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CFPB Agrees to Give Originators a Grace Period for Compliance with New TRID Regulations

CFPB Focus
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On the eve of the New Year, the Consumer Financial Protection Bureau (CFPB) took steps to calm industry concerns about the effect of the new TILA RESPA Integrated Disclosure (TRID) rules enacted by the CFPB.

Effective October 3, 2015, the TRID rules transformed the process by which loan originators close most mortgage loans. Among other things, they do away with the once ubiquitous good faith estimate and HUD-1 closing disclosure forms, and provide for two new disclosures: an initial loan estimate provided not more than three business days after a loan application is received and a closing disclosure form provided not less than three business days prior to the closing. The TRID rules then provide for specific limitations on the amount fees may change from the loan estimate without a new disclosure. The new rules also provide additional liability to originators, servicers and investors in part by expanding the previously limited areas in which Truth In Lending Act liability (including a private right of action for actual and statutory damages) applies.

In a December 29, 2015, letter to David Stevens, president and CEO of the Mortgage Bankers Association, CFPB Director Richard Cordray acknowledged the substantial task faced by the mortgage industry in complying with the new loan closing disclosure rules. "We recognize that the mortgage industry needed to make significant system and operation changes to adjust to the new requirements." As a result, Cordray indicated that "the Bureau and the other regulators have made clear that our initial examinations for compliance with the rule will be sensitive to the progress industry has made" and "will be squarely focused on whether companies have made good faith efforts to come into compliance with the rule."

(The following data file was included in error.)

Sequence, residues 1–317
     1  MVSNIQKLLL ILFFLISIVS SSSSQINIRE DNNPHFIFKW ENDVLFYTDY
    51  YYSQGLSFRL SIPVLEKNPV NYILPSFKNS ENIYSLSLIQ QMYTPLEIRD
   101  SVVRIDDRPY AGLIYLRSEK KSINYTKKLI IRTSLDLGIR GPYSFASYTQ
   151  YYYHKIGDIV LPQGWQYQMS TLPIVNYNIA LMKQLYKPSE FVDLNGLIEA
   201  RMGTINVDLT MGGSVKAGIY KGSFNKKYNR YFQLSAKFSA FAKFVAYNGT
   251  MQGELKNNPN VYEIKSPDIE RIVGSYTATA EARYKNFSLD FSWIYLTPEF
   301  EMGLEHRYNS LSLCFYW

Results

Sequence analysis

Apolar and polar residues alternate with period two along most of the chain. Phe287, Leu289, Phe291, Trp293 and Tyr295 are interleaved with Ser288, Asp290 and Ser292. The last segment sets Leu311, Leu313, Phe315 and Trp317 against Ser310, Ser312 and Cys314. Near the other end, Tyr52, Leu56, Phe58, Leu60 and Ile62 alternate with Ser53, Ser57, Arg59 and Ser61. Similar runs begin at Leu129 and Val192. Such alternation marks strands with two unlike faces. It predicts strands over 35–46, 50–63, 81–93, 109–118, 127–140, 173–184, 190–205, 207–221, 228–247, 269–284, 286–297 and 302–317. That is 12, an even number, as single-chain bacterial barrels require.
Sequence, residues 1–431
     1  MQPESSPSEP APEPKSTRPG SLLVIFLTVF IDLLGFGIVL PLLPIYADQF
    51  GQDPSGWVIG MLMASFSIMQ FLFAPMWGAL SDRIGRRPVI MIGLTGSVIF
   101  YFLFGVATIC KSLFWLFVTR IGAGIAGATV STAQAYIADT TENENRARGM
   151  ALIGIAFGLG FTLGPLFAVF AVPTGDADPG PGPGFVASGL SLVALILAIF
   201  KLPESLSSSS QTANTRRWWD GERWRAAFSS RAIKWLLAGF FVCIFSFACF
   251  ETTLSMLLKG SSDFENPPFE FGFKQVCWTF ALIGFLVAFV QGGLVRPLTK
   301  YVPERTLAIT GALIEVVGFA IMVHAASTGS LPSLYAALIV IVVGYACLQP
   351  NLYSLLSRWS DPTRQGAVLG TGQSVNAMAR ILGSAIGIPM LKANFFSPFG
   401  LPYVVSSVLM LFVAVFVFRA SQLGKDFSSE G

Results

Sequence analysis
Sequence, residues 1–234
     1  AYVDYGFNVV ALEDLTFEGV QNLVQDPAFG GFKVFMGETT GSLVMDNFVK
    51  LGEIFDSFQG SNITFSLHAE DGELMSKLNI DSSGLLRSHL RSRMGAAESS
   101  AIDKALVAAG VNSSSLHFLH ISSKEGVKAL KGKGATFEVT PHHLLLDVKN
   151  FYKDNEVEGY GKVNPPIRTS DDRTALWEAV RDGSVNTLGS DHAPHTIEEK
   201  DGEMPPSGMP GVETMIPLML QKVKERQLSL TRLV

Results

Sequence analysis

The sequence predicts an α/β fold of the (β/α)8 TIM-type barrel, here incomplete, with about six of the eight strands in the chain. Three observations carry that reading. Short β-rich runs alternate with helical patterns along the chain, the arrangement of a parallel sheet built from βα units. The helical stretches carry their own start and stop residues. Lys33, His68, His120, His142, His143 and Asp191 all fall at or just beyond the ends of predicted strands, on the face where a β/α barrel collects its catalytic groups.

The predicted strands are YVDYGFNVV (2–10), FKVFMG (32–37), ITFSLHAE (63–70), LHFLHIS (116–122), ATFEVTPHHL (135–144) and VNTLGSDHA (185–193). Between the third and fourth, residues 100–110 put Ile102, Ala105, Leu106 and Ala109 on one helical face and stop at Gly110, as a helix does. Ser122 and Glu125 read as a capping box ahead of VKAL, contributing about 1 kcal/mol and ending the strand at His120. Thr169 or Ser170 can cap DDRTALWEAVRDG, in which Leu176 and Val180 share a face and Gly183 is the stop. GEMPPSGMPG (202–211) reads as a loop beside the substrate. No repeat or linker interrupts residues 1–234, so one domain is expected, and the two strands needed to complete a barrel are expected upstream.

The CFPB's granting of an informal good faith grace period marked a dramatic turnaround from its earlier refusal to agree to such a provision and its proposal that Congress pass legislation mandating a formal good faith period. On the other hand, the CFPB did not give a specific timeline for this good faith period, but indicated that it would apply for the first few months of implementing the new rule. It is possible that the period just announced may already be near or at its end.

One specific area of concern related to the new TRID rules and addressed by Cordray in the letter involves how the new rules would affect investors as well as the secondary mortgage market as a whole. Since the new rules provide for additional exposure and the CFPB has made clear that investors will ultimately be liable for mistakes made by loan brokers or other originators, some originators have reported investors, including government sponsored entities like Fannie Mae and Freddie Mac, rejecting loans on the basis of minor typographical errors with the new disclosure forms. In his letter, Cordray stated that such actions were an overreaction by investors as the risk of civil liability to investors under these circumstances was minimal, in part because the TRID rules provide for correction of typographical and other errors in a revised closing estimate. Cordray further indicated that the CFPB believes that investor concerns and attempts to either refuse the purchase of a loan or require repurchase of a loan will decrease as the industry gains experience with the new rules.

Whether the good faith grace period will continue for any length of time remains to be seen. The bottom line for the industry is that mortgage originators, servicers and investors alike must continue efforts to adapt to these new rules as quickly as possible. 

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